29 April 2007 - Sari Nusseibeh: the power of empathy and complexity
An article in this week’s Brandeis Hoot says everything you need to know about Norman Finkelstein and anti-Israel activists like Harvard’s own Sara Roy. Roy “. . . claimed that Finkelstein cut through ‘the artificial web of complexity’ surrounding the Middle East Conflict.” To this claim Finkelstein added, describing the charge of Israeli “apartheid”: “[W]hat’s most striking is how uncontroversial this is.”
To Roy and Finkelstein, the Israeli-Palestinian conflict is clear and simple. Its facts are undisputed; its guilty and innocent parties easily identified; its human dilemmas easily sorted out. It’s an odd claim for two children of Holocaust survivors who have spent their careers opposing Israel to make; you’d think that if they were sincere, they’d at least be alive to the complexities of their own position.
But there’s no room for complexity here, only blame. Roy and Finkelstein exemplify something my friend Theo refers to as “psychological concretism,” which I understand as the inability to grasp nuance. They are, in fact, deeply suspicious of nuance, seeing it as a kind of smokescreen. They add disclaimers about terrorism and the two-state solution but attack compromise as a form of corruption.
That, I believe, is why Finkelstein evokes so much hostility. To be a thinking, feeling human being, and to be confronted with the archetypal “right versus right” conflict of ancient tragedy, and then to be told that good lies exclusively with one side and evil solely with another, and that if you fail to agree then you are aligned with the evil—that is, in fact, profoundly dehumanizing.
People often attack Finkelstein by focusing on his distortion of facts. But that is not the core of what’s wrong with his approach. What Roy and Finkelstein lack is empathy—equal empathy for both sides. That is the key, regardless of whether you lean toward the Israeli or the Palestinian camp. Without that basic human empathy, no progress is possible—only blame, and, ultimately, vengeance.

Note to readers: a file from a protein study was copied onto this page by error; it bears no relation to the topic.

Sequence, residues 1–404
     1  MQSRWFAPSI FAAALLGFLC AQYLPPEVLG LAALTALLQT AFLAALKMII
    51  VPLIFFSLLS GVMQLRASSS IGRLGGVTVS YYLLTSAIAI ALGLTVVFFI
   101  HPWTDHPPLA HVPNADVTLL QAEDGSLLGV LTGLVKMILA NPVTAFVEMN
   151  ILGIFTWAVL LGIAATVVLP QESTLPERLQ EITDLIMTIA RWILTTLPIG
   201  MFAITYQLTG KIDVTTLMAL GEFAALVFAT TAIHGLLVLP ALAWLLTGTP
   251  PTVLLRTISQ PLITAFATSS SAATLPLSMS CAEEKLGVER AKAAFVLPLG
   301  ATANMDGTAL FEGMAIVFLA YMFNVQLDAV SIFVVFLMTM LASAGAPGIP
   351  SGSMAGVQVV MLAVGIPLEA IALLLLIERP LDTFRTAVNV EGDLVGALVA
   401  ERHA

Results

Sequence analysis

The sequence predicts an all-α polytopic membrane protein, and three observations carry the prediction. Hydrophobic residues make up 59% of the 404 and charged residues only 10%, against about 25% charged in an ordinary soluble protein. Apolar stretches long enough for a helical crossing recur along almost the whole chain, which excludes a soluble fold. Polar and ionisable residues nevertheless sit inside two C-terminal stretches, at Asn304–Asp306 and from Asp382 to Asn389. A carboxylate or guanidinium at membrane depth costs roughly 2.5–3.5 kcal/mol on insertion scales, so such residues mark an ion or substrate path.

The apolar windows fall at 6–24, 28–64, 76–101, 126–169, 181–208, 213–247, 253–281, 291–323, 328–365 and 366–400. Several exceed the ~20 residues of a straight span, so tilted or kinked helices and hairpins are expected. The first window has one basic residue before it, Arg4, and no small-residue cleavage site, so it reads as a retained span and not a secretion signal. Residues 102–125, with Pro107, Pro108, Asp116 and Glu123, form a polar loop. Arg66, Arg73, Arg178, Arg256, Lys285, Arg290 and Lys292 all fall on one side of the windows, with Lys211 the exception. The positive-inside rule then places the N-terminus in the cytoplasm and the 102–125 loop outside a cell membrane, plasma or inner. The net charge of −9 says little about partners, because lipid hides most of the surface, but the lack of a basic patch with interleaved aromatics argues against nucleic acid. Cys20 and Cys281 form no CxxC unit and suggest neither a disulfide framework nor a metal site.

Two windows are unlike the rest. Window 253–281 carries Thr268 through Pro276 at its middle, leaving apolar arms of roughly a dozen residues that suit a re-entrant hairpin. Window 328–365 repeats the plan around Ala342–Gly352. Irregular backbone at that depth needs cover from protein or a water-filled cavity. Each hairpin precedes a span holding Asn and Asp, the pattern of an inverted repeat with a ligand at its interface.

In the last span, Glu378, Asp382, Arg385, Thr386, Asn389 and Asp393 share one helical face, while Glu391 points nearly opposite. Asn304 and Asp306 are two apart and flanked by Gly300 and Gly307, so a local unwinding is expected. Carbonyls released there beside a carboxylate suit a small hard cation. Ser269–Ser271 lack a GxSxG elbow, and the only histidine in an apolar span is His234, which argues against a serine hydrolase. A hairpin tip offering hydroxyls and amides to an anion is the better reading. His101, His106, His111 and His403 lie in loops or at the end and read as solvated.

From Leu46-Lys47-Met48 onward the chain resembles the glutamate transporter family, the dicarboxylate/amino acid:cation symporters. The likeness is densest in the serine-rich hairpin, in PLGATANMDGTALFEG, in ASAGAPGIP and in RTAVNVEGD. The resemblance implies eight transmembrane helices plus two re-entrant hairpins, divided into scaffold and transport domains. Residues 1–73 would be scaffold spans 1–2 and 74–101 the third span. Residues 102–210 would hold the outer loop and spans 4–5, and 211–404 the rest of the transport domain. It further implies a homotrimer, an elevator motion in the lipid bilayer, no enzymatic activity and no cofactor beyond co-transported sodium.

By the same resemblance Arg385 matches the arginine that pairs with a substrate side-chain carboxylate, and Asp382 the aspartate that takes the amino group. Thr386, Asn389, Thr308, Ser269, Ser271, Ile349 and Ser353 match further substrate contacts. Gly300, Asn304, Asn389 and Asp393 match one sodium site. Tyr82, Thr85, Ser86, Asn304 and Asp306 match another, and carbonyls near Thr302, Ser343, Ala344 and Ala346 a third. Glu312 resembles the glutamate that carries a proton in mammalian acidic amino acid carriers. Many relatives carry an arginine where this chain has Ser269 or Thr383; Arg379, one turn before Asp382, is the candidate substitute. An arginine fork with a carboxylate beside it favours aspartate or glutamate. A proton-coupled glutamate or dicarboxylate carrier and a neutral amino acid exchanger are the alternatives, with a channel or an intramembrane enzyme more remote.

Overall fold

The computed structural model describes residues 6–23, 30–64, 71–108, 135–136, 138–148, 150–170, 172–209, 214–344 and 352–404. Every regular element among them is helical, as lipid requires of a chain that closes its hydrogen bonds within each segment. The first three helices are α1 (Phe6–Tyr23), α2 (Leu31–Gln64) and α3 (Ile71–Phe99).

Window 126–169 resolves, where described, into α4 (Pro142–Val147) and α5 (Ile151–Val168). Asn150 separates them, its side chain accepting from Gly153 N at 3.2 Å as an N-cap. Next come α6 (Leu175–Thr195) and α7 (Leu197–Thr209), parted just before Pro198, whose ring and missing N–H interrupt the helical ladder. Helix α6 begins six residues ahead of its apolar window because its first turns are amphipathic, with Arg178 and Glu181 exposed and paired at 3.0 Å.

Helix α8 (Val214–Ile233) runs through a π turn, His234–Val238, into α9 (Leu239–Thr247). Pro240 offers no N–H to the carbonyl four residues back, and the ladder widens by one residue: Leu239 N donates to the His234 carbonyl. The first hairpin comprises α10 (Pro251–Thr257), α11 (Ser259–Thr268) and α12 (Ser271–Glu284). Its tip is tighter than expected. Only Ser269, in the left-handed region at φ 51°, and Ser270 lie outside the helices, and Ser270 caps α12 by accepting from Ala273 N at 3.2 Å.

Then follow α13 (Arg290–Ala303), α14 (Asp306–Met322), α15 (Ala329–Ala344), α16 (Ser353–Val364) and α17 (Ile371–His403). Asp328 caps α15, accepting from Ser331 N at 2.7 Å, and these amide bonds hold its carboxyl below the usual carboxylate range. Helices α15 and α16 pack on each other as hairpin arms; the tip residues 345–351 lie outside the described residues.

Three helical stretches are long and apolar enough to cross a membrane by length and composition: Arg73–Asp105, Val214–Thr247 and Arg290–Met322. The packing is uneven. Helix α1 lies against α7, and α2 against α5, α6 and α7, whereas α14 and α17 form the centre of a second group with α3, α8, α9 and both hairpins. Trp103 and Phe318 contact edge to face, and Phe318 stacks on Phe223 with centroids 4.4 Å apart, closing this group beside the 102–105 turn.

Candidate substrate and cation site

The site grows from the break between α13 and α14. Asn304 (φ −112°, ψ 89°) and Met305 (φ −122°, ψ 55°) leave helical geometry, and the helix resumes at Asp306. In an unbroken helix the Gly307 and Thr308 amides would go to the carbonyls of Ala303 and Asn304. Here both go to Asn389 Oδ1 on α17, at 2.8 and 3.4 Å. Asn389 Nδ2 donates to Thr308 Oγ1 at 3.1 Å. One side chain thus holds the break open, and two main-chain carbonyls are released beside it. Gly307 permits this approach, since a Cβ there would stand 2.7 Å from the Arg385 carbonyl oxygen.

Contrast that approach with that of Prof. Sari Nusseibeh, president of Al-Quds University in East Jerusalem, who came to Harvard last Friday to talk about his new memoir, Once Upon a Country. As Leon Wieseltier wrote in a review in the New York Times, Nusseibeh “exhilaratingly declares that ‘a Manichean view of the Palestinian-Israeli conflict, with one side all light, the other all darkness, is impossible to take.’
Nusseibeh spoke about the conflict between mind and body for Palestinians under occupation—how, prior to the first intifada, the Palestinians were becoming Israeli in body by consuming Israel exports and working Israeli jobs, but remained Palestinian in mind by nurturing their own aspirations. This created an intense internal conflict, he said, whose resolution he could not predict.
He told the story of how he had enjoyed a swim at a pool in an Israeli settlement, and then wondered why Palestinians didn’t demand the right to live in the settlements. It would, he said, have led Palestinians to demand equal rights to Israelis, which would have made Israelis realize that the occupation was not only costly but undermining the very essence of the Zionist dream of a Jewish state.
These are the words of a champion of the Palestinian cause who realizes that peace must come through dialogue—and that, in fact, non-violence can be a far greater threat, a far more powerful tool of persuasion, than terror. They are the words of someone who understands that complexity is not an illusion but a reality—and often, at times, a deeply subversive one.